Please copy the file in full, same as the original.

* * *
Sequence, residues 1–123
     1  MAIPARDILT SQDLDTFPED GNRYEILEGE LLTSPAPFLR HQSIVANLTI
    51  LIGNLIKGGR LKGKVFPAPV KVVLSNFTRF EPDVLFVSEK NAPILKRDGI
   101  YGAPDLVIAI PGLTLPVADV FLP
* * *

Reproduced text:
Sequence, residues 1–123
     1  MAIPARDILT SQDLDTFPED GNRYEILEGE LLTSPAPFLR HQSIVANLTI
    51  LIGNLIKGGR LKGKVFPAPV KVVLSNFTRF EPDVLFVSEK NAPILKRDGI
   101  YGAPDLVIAI PGLTLPVADV FLP